Session Type: ACR Concurrent Abstract Session
Session Time: 11:00AM-12:30PM
The opioid epidemic in the U.S. has led to similar concerns about prescribed opioids in the U.K. In new users, the rate of escalation to more potent opioids is likely to contribute to long-term prescriptions, which in turn may be associated with opioid dependency, addiction and overdose. The scale of such escalation however is unclear in the U.K. We sought to: (i) describe trends of prescribed opioids for non-cancer pain in the UK primary care setting over a 10-year period (ii) assess the sequential transition of opioid strength from index date over a 2-year period. Methods:
We conducted a retrospective observational study from 1/1/2006 to 31/12/2015 using Clinical Practice Research Datalink (CPRD). New users of opioids, >18 years without cancer in the 2 years prior to index date were identified. The number of prescriptions for each drug were calculated by each calendar year accounting for the number of eligible patients registered in CPRD for that year. Sunburst plots were created to evaluate the sequential transition of opioids over time. A 4-state hidden Markov model was used to estimate the transition probability for individuals escalating to more potent opioids over a 2 year period. States were defined as (i) no drug (ii) weak opioid (codeine, dihydrocodeine) (iii) moderate opioid (tramadol) (iii) strong opioid (all others). Results:
968,797 opioid users were included: mean age (SD) was 55(18) years; 59% being female. New users of opioids were most commonly prescribed codeine (n=685,823; 71.0%), followed by dihydrocodeine (n=166,906; 17.2%), tramadol (n=85,840, 8.8%) with 194,373 (20.1%) strong opioid prescriptions. The rate of prescribing strong opioids/10,000 population increased 12 fold from 2006-2013 (Figure 1). Transitions between opioid strength are demonstrated in Figure 2. Of new users prescribed weak opioids as their first prescription, 5.2% transitioned to moderate opioids, 4.1% to strong opioids over 2 years. Transition probability of moving from weak to strong opioid at a given time point over 2 years was 0.001, whilst staying on a strong opioid (if first prescription) was 0.97.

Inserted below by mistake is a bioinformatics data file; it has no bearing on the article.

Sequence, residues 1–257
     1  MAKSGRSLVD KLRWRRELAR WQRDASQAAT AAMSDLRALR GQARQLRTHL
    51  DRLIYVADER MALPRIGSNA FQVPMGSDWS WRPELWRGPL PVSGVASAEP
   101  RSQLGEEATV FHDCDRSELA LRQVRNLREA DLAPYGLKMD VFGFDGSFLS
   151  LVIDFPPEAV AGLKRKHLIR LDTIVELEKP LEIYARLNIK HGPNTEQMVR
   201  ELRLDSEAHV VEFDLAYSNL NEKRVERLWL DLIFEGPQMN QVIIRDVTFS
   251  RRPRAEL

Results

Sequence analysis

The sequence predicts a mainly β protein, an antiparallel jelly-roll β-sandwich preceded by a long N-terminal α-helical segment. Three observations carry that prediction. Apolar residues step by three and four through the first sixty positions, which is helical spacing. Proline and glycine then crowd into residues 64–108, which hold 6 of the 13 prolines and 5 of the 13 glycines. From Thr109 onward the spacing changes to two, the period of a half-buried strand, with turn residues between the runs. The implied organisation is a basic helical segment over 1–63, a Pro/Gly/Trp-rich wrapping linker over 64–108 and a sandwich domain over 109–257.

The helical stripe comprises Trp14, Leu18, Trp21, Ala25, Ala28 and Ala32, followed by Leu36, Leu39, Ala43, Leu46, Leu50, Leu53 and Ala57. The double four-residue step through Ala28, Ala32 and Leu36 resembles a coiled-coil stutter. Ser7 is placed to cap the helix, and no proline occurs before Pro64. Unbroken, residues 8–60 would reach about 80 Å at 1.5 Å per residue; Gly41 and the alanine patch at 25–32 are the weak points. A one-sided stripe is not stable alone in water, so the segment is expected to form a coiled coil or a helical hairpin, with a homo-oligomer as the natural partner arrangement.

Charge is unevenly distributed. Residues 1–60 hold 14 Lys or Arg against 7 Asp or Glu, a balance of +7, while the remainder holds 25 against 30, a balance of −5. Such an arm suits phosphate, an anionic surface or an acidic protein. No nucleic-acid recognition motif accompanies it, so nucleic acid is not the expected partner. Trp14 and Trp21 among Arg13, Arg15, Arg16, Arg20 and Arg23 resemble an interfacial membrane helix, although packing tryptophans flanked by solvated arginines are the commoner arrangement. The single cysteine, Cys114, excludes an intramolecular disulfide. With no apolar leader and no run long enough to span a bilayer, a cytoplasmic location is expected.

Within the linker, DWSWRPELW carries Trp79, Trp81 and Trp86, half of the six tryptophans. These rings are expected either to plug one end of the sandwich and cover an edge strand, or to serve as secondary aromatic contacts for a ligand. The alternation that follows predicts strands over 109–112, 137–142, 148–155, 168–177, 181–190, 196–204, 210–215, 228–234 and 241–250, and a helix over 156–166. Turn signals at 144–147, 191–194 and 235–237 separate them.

Strong opioid prescribing increased till 2013-14 gradually decreasing following UK initiatives to improve monitoring and use of controlled drugs. Although less potent codeine prescriptions made up the majority of first prescriptions, the transition probability of staying on a strong opioid at 2 years remained high if prescribed first as a new user.
Figure 1: Trends in strong opioid utilisation in CPRD by individual opioids
Figure 2: Opioid pathway over 2-year period from index date (excluding repeated prescriptions)
To cite this abstract in AMA style:Jani M, Birlie Yimer B, Sheppard T, Lunt M, Dixon WG. Changing Trends and Prescribing Patterns in Opioid-Treated Primary Care Patients with Non-Cancer Pain over a 10-Year Period [abstract]. Arthritis Rheumatol. 2018; 70 (suppl 10). https://acrabstracts.org/abstract/changing-trends-and-prescribing-patterns-in-opioid-treated-primary-care-patients-with-non-cancer-pain-over-a-10-year-period/. Accessed October 25, 2021.
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